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Agostino v. Simpson

November 17, 2008


The opinion of the court was delivered by: Cathy Seibel, J.


Before this Court is Defendants' Motion to Dismiss (Doc. 11) pursuant to Fed. R. Civ. P. 12(b)(6), which was filed on August 21, 2008. Plaintiff's opposition papers (Doc. 16), along with the First Amended Complaint (Doc. 17), were filed on September 11, 2008.*fn1 Defendants filed a reply memorandum (Doc. 19) on September 19, 2008, in which they urge the Court to dismiss the First Amended Complaint on the ground that it suffers from the same infirmities as the original Complaint. The Court held oral argument on October 21, 2008. For the reasons stated below, Defendants' Motion is denied in part and granted in part.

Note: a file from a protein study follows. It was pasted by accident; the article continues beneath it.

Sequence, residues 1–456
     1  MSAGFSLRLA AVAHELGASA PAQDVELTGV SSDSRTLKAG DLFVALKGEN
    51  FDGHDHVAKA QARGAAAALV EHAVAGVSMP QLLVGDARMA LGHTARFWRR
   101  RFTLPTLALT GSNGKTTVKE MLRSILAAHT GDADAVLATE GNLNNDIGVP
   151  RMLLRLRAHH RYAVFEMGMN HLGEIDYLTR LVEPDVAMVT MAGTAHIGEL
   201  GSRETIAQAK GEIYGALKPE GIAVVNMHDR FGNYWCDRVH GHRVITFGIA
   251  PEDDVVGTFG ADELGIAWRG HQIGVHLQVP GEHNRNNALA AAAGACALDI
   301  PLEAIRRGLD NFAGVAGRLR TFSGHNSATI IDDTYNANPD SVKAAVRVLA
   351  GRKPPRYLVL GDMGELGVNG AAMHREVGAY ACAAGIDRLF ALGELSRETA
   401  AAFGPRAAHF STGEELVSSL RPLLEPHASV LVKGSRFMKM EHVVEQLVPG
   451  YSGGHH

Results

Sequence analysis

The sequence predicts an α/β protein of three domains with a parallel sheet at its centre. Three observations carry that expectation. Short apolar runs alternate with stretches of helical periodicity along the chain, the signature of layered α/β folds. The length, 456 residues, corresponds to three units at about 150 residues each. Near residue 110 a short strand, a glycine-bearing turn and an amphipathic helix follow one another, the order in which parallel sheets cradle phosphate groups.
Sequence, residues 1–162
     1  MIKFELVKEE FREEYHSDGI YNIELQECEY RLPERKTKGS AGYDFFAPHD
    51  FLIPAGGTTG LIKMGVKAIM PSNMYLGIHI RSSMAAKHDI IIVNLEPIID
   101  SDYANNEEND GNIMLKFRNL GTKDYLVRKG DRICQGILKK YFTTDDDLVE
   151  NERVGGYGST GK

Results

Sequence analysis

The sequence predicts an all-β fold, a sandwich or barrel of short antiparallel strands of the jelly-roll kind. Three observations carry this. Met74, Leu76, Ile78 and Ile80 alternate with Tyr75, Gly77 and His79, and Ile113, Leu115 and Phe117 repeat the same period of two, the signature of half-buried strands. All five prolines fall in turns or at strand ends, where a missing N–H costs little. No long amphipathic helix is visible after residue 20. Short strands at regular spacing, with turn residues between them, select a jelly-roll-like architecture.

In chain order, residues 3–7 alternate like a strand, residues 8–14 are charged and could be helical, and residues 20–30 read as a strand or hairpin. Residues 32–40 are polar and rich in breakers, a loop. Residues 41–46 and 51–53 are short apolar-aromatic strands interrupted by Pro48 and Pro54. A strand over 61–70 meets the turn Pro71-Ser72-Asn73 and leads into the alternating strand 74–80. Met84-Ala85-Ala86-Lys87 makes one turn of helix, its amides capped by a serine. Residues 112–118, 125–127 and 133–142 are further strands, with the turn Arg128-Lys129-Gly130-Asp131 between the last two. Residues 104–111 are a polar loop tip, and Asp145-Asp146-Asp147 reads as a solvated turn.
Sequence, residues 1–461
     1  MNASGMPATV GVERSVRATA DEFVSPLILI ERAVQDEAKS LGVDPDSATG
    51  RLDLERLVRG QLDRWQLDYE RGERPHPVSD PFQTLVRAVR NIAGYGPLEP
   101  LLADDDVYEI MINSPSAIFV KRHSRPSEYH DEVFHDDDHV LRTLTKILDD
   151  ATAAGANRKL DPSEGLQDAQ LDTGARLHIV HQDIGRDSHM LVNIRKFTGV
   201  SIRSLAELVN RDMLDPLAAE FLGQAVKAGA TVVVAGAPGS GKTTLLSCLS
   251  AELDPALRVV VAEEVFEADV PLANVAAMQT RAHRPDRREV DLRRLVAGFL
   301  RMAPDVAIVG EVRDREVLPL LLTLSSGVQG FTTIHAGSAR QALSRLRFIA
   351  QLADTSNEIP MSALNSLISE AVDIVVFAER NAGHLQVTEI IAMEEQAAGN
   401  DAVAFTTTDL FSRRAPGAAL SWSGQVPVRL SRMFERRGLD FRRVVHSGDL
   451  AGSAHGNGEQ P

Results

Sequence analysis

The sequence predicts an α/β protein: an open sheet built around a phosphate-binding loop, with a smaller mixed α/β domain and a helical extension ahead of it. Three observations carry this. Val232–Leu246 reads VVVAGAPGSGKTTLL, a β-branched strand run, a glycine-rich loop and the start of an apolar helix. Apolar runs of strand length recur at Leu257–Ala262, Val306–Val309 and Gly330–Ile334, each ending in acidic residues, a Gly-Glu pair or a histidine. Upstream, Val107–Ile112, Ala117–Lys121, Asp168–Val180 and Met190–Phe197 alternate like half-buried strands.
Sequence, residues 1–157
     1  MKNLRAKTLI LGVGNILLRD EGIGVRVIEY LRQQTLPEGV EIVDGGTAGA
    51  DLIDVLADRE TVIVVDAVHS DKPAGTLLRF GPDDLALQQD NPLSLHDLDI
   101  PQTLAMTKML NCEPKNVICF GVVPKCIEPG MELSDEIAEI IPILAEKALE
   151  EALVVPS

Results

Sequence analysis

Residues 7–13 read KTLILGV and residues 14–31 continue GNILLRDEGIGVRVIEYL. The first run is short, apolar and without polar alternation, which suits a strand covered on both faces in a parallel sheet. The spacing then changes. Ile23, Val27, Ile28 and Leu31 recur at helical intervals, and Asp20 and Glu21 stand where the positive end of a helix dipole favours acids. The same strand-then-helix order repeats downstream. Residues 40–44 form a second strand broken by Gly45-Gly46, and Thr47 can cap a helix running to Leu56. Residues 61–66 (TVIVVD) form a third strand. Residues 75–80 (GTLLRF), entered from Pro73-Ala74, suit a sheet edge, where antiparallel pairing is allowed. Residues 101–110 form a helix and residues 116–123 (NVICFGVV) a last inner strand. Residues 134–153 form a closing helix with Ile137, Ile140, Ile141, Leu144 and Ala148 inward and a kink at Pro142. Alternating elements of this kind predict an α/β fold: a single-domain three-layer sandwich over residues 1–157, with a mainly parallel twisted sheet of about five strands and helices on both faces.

I. Background

On June 26, 2008, Plaintiff Vincent Agostino filed this action against Defendants David Simpson, William Regan, Philip Amicone (collectively, "Individual Defendants"), and the City of Yonkers ("City") (collectively, "Defendants"), alleging a cause of action under 42 U.S.C. § 1983 ("Section 1983") for violations of Plaintiff's First and Fourteenth Amendment rights. At all times relevant to this action, Defendant Amicone was the Mayor of the City of Yonkers, Defendant Simpson was the City's Director of Communications, and Defendant Regan was the Deputy Mayor of the City.